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Yep, for starters a more mini-friendly background would be the thing I'd recommend foremost. Second make sure you've got enough light on the mini. The goblin is pretty much in shadow, tough to get a feel for where he is currently.

 

Great minis and a solid start to what looks like an interesting diorama. (And I love the Ellen Stone, really nice!)

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Ooh, I love Tom Meier's Thunderbolt Mountain work. Those figures are exquisite, but my goodness, they are small. Those faces are full of personality.

 

The colors on the skirt look fine to me, bright and well differentiated.

 

I second the photography background suggestion. A neutral grey, for example, is easier to see things against.

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Another suggestion for getting better colors that I stole from someone (forget who): print off a calibration image and put that somewhere in your picture that you'll crop out later. This give your camera a little bit of extra help to auto-adjust the colors. Here's a link to the image I created for myself. My printer didn't print it out perfectly, but even so, I can see a bit difference when I use it and when I don't.

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Cute minis! I like the colours you picked for their outfits, it definitely looks like they dressed themselves ^_^ (little girls dress for fun, not co-ordination) . It's also nice to see exactly how big they are, I've been wondering about that.

 

Also, don't ever be afraid to post here. There are painters of all skill levels here and no matter how good you are people here are helpful as can be when you're open to learning ::):

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The great thing about the colors you've chosen for the girls, with the exception of the red and purple, is the colors already contrast enough that they're distinct. Now one thing a lot of painters to is called lining which is you have a strong, dark, contrast line between elements of the figures. If you take your thumb and index finger and touch them together you'll see a dark black shadow where the skin connects--this is the principle behind lining though lining is exaggerated when painting as to the scale that we work with.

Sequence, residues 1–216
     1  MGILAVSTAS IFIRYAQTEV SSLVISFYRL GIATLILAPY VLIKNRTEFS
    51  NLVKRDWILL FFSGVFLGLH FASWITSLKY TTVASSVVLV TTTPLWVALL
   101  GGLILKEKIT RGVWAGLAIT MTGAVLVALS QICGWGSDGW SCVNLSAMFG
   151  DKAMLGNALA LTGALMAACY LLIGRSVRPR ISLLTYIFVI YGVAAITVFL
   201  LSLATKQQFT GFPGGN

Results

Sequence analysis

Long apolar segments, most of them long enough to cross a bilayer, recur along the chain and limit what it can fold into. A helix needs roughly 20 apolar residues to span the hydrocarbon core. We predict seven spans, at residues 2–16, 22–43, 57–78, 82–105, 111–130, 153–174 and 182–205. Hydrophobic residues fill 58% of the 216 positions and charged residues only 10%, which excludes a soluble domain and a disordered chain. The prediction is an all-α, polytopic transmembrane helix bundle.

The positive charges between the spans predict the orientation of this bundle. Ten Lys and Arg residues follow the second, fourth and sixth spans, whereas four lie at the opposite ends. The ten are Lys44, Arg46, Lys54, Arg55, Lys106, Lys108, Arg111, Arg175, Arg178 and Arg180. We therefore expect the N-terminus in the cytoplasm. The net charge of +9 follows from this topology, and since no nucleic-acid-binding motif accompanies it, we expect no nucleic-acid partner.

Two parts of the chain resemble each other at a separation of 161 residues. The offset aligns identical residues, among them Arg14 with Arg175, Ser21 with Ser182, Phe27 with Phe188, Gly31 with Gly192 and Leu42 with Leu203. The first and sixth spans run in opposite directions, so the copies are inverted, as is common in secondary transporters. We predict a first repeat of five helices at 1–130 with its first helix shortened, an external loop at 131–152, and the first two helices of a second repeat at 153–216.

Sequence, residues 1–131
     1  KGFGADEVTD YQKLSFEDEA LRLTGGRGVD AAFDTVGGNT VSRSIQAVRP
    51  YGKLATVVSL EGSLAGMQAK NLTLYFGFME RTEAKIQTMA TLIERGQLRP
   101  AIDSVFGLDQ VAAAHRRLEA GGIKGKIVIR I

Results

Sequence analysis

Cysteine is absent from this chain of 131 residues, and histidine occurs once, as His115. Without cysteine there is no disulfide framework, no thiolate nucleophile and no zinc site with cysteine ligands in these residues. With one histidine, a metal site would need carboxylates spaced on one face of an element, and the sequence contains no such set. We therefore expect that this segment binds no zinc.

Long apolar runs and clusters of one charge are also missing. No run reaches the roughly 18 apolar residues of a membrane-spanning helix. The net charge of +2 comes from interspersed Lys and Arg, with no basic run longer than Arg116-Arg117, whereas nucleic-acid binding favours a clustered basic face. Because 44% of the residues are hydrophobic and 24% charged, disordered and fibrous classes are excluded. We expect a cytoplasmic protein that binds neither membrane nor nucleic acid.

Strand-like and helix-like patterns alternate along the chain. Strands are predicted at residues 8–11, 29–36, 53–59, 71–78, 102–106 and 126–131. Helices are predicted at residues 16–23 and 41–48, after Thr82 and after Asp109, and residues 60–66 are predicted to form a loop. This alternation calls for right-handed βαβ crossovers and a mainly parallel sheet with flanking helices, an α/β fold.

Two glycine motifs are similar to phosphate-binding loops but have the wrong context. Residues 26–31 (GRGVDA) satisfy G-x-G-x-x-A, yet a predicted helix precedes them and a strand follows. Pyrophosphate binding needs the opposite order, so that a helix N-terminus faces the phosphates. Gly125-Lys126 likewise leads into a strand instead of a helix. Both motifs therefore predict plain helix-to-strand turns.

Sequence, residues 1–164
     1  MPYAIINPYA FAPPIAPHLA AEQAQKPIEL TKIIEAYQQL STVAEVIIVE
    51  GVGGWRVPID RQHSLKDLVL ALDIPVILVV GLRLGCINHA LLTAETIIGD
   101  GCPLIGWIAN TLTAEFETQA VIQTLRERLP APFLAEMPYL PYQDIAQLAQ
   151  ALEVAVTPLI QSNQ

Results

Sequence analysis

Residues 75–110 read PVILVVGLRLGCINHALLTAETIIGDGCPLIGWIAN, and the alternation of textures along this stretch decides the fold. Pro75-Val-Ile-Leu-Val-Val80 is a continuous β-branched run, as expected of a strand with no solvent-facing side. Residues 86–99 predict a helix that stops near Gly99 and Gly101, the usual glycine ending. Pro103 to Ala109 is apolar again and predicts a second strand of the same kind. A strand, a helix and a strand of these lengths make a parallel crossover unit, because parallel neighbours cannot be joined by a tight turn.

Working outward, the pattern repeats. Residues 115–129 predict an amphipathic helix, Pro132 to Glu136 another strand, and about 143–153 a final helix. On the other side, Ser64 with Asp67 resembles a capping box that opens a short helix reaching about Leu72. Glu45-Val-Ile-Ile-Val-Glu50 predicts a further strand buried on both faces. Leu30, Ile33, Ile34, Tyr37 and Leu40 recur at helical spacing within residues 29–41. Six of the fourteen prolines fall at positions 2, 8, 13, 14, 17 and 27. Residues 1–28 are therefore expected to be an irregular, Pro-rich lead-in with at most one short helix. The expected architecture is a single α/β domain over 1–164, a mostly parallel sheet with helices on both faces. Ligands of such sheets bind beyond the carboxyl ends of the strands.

So using a dark brown, blue, purple or even red you can line around the edges of your minis and it will make all the parts pop more. Most people line before laying down any base coats but if I line I do so either while shading or after everything is done as I have a steady enough hand that I don't place paint where I don't want it.

 

Buglips does lining on everything he does so you can hop over to one of his WIP threads to see this step by step.

 

As for stripping them if not right. I don't think you'll need to as if you're watering down your paint a bit, which it appears you are, you can do a few layers of base coat before you loose detail.

I'll have to read those tutorials as lining is something I'm dreadful at.

 

 

A note on your photography (not your painting) - those vibrant backgrounds may be confusing your camera. The flesh looks a bit grey on my screen, and I'd lay pretty good odds that it just ain't so. I know that when I went from photographing against a more neutral green playing surface vice a stark white wall that it got easier for the camera to focus and the contrasts became more subtle.

 

This is one of those areas where you're seeing the beginner do things incorrectly because she thinks they're "cool and fun" I know I have to stop it, especially when asking for critiques. I've some growing to do yet!

 

 

Yep, for starters a more mini-friendly background would be the thing I'd recommend foremost. Second make sure you've got enough light on the mini. The goblin is pretty much in shadow, tough to get a feel for where he is currently.